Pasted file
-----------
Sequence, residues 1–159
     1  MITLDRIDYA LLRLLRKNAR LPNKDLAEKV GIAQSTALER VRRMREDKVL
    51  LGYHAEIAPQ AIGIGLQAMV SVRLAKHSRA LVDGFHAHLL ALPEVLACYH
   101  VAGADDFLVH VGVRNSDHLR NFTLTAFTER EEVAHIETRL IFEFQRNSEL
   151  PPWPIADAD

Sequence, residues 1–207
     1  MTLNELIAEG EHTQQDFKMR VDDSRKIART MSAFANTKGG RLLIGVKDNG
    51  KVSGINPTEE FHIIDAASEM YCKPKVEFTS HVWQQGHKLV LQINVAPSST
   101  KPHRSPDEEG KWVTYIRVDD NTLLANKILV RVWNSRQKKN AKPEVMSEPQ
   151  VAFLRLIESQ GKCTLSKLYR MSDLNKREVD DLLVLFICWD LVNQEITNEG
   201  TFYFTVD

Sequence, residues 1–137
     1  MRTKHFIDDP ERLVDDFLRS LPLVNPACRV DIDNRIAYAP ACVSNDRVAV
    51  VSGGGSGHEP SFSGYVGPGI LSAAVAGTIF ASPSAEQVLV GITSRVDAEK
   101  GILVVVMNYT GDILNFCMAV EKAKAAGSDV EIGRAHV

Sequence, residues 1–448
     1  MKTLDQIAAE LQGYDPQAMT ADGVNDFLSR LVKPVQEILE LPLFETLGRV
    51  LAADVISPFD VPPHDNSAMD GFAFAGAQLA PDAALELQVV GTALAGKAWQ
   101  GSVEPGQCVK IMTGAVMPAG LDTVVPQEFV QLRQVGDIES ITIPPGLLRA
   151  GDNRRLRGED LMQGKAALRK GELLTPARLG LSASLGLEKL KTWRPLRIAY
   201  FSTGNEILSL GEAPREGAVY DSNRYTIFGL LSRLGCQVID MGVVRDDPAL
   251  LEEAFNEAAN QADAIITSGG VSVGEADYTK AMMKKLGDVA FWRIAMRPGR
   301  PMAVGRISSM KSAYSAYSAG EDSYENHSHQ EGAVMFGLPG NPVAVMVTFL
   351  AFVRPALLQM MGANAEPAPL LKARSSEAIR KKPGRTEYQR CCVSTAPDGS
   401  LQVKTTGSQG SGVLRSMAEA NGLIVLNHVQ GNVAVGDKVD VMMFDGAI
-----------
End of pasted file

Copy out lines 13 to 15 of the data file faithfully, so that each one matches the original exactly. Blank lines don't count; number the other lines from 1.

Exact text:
     1  MRTKHFIDDP ERLVDDFLRS LPLVNPACRV DIDNRIAYAP ACVSNDRVAV
    51  VSGGGSGHEP SFSGYVGPGI LSAAVAGTIF ASPSAEQVLV GITSRVDAEK
   101  GILVVVMNYT GDILNFCMAV EKAKAAGSDV EIGRAHV